Range is at the center of almost any discussion of electric vehicles (EVs). It’s all about how far an EV can travel between charges. For decades, that range topped out well below 100 miles. Only in the last 10 years or so has battery technology taken a leap forward, allowing estimated ranges to crest 200 miles or more. But, no matter the make or model of an EV, the estimated range is always based on optimum conditions. It turns out batteries, much like you and me, function better at moderate temperatures (70 to 75 degrees). Significantly colder or warmer temps will affect a battery’s ability to hold a charge, as well as require longer to fully charge.
Responding to owners of a variety of EVs grumblings about cold temperatures sapping their car’s range, the American Automobile Association (AAA) recently conducted a study of five EV models to determine what impact freezing-cold and hotter-than-average weather has on EV range. What the researchers discovered is, when the mercury plunges to 20 degrees Fahrenheit, range drops by an average of as much as 41 percent.
The math is fairly simple: For every 100 mi of estimated range in 20-degree temperatures, owners can expect to get 59 mi. This results not only costing more per mile, but also more EV down time to charge.
EVs picked by the AAA had to be on sale throughout all of the U.S. and have a government-estimated range of at least 100 mi. Test vehicles had to have odometer readings between 1,000 mi and 6,200 mi. To prevent over representation of a brand, only one vehicle per manufacturer could qualify.
Thee AAA set out to answer three questions:
How is estimated range affected by hot and cold outside temperatures?
What further impact does operating the HVAC (climate control) have?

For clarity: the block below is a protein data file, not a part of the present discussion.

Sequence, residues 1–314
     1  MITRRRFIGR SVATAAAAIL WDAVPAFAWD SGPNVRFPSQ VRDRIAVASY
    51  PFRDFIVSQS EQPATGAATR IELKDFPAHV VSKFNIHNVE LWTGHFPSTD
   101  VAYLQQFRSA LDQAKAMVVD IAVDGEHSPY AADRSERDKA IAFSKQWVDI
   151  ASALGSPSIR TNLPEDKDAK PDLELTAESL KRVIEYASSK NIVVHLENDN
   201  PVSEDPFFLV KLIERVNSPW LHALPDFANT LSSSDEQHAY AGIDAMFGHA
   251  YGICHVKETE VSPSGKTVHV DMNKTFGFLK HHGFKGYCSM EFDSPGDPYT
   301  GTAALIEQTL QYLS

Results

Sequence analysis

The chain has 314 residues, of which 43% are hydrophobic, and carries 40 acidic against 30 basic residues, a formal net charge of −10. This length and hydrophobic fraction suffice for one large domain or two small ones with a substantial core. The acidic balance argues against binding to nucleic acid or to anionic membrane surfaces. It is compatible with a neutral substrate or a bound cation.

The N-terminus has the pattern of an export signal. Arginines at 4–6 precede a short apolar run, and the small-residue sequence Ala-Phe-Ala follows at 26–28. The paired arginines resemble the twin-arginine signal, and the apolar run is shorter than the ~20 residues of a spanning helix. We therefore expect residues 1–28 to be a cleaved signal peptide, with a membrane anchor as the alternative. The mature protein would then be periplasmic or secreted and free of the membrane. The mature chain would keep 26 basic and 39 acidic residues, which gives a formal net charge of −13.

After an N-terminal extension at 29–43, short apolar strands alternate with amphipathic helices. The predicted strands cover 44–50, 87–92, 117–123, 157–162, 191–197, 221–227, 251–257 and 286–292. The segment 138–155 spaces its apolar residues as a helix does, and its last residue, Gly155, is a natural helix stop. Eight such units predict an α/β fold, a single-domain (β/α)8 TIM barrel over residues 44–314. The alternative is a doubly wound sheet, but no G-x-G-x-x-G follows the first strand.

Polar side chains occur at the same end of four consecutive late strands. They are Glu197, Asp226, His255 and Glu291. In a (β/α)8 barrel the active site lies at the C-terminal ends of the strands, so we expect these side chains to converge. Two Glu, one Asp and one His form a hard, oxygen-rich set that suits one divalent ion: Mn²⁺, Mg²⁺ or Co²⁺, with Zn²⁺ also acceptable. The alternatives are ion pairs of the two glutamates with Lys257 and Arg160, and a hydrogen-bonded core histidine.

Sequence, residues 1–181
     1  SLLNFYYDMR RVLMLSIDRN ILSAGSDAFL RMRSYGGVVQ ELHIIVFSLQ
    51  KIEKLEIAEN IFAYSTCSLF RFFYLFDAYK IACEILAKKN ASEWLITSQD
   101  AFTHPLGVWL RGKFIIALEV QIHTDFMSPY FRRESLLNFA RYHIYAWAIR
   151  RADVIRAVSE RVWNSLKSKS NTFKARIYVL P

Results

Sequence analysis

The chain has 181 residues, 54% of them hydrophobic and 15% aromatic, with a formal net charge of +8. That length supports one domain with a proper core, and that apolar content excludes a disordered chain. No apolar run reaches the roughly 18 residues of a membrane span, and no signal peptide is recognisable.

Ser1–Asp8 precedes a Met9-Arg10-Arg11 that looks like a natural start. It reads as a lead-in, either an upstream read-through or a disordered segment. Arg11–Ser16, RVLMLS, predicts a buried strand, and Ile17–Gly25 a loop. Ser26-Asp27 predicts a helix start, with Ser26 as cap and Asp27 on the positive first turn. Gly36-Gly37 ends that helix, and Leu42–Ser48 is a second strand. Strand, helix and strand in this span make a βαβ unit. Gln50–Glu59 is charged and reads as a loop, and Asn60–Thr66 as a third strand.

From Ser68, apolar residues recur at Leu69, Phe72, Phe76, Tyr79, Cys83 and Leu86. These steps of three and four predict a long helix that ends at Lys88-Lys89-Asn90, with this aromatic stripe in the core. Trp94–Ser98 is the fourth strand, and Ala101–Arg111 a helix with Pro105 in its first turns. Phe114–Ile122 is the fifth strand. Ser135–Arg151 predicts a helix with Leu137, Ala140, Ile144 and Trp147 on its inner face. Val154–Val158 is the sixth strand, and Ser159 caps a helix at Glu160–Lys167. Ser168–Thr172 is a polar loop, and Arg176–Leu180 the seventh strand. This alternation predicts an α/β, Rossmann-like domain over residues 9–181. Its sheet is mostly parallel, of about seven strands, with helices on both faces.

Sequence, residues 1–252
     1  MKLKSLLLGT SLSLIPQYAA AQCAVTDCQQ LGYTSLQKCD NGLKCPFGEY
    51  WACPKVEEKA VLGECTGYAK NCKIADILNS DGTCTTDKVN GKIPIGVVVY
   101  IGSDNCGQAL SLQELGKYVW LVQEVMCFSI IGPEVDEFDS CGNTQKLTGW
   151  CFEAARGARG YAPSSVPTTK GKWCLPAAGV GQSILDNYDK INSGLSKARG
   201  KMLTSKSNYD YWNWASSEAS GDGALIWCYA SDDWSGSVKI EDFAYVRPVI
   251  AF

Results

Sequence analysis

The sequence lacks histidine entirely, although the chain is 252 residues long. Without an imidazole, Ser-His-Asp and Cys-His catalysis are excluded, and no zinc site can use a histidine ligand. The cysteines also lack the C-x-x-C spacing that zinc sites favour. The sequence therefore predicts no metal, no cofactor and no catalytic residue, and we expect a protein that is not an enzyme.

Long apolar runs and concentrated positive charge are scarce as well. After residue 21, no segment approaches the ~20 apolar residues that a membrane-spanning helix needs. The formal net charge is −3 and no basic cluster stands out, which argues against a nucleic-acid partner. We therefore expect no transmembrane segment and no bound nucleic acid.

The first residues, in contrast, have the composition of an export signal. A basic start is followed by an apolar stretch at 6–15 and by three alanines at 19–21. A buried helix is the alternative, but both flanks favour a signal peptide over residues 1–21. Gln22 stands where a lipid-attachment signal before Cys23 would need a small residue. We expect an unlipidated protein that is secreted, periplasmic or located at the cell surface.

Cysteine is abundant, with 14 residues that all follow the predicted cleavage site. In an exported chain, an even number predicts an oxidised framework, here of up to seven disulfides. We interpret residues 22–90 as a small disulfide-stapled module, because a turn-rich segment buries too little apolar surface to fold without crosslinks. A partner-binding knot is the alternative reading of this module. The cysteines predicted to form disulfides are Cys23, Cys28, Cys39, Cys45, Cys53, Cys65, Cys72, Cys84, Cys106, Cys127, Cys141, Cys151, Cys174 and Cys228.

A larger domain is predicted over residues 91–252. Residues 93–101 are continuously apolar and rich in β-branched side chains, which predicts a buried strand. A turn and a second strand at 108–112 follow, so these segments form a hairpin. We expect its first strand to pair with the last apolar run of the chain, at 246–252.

Based on real-world driving estimations what is the cost of driving in hot/cold environments with the HVAC engaged?
Using a dynamometer (think of a treadmill for cars.) that mimics actual road miles, all five EVs were operated for specific amounts of time at specific speeds. This was done in temperatures of 75 degrees, 95 degrees and 20 degrees both with the climate control on and off.
The AAA found the results to be clear cut. On average, with the HVAC turned off, an outside temperature of 20 degrees Fahrenheit resulted in a 12-percent decrease in range. That decrease was 4 percent with an outside temperature of 95 degrees. Using the HVAC further impacted range reduction to a total of 41 percent at 20 degrees and 17 percent at 95 degrees.
The AAA estimates that 41 percent reduction would increase electric costs by more than $24 for 1,000 mi and almost $8 per 1,000 mi for the range decrease at 95 degrees.
There’s not a lot to be done when the temperature boils or freezes. It is what it is. But the AAA suggests that when possible, preheat and cool down the cabin with the EV still connected to the charger. Most electric vehicles have a function on the key fob or a smart phone app to initiate heating or cooling before entering the vehicle. Find an Electric Vehicle for sale